3. Laundry delivery & pickup (~$25 each time): I don’t do this anymore now that I live in a complex with laundry on-site. But back when the nearest laundromat was three blocks away from my apartment (and I’m talking a long three blocks), I gladly spent $25 or more every few weeks to have a service come pick it up, likely send it to a giant facility of hundreds of too-hot machines, and bring it back to me the very next day. I didn’t care that I was spending easily three times as much on laundry as I would have if I’d just done it myself. Hell, I didn’t really even care the one time they accidentally dried the clothes in my hang-dry hamper (okay…I cared a little). Not having to worry about it meant more time to work or do fun things, and I never regretted seeing the expense on my credit card bill.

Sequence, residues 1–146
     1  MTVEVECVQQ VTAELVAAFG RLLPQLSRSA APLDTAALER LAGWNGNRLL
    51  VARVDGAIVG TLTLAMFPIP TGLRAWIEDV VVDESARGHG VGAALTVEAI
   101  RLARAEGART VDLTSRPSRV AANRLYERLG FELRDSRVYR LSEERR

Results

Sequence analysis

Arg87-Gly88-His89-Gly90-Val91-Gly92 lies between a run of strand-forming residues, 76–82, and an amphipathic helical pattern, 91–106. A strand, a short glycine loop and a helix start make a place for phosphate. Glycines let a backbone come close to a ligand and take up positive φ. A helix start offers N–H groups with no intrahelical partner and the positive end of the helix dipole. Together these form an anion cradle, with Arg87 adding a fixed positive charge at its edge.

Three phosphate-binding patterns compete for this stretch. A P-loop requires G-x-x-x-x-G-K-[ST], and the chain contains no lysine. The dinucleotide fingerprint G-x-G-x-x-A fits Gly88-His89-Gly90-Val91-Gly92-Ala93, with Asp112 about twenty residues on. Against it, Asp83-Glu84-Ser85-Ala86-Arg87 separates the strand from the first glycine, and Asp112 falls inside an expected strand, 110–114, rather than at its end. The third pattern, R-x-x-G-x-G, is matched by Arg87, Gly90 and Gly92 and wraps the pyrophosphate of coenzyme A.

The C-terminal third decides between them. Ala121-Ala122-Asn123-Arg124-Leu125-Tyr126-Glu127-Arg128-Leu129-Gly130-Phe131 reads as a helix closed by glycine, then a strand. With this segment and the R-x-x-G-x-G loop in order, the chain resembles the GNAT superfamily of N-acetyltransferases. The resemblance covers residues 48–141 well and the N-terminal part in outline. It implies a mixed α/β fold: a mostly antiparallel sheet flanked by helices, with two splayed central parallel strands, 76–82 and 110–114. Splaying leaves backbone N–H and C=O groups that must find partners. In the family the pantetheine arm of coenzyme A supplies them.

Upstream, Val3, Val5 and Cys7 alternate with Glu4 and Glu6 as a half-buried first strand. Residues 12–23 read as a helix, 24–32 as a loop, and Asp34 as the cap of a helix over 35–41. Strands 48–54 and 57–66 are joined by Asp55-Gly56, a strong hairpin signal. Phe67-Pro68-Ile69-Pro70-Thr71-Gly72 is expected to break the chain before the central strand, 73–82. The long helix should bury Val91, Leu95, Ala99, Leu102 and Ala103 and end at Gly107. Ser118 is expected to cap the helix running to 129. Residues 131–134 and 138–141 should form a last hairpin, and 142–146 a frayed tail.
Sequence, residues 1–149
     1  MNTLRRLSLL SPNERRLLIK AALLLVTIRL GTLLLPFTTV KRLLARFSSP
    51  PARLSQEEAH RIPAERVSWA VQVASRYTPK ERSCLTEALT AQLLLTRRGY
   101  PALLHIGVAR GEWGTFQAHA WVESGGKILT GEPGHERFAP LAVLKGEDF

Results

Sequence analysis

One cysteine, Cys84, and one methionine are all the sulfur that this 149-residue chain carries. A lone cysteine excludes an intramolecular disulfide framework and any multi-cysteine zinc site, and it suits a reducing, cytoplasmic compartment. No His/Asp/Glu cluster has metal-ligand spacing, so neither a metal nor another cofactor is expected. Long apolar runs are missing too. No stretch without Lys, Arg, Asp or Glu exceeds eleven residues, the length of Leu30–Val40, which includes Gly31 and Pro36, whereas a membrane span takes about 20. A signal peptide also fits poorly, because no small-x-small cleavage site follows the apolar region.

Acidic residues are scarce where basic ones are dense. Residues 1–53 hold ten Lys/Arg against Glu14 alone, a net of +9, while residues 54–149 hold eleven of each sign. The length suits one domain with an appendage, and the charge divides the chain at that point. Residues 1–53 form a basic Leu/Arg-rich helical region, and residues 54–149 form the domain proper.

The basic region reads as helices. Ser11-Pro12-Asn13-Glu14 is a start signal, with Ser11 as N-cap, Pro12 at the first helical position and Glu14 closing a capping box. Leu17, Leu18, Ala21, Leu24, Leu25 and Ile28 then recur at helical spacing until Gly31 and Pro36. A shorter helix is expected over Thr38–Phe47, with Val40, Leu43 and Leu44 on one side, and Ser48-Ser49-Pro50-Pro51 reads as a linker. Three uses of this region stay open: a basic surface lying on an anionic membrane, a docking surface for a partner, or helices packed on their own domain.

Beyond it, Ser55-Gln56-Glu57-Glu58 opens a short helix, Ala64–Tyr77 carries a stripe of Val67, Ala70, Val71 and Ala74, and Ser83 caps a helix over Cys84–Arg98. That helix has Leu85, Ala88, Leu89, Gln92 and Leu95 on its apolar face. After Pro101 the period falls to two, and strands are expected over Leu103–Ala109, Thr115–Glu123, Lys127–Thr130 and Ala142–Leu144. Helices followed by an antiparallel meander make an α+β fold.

4. Wine delivery subscription (~$56/month): I’ve written a fair amount about how Peter and I subscribe to Blue Apron, which for us is very worth it. We also get a monthly wine delivery through a service called Winc. The wines are good, and I typically spend about $13 per bottle on four bottles. It’s not by any means any better than the wine I could get in the nearby liquor store, but here’s the thing: the selection is geared towards my tastes, so I don’t have to think about what I’m picking, and we end up drinking less. I used to stop by the wine store pretty frequently to grab a bottle to have with dinner, and now I do so very rarely. Getting the delivery feels like “this is our wine for the month!” and I don’t find myself wanting much more (at least at home).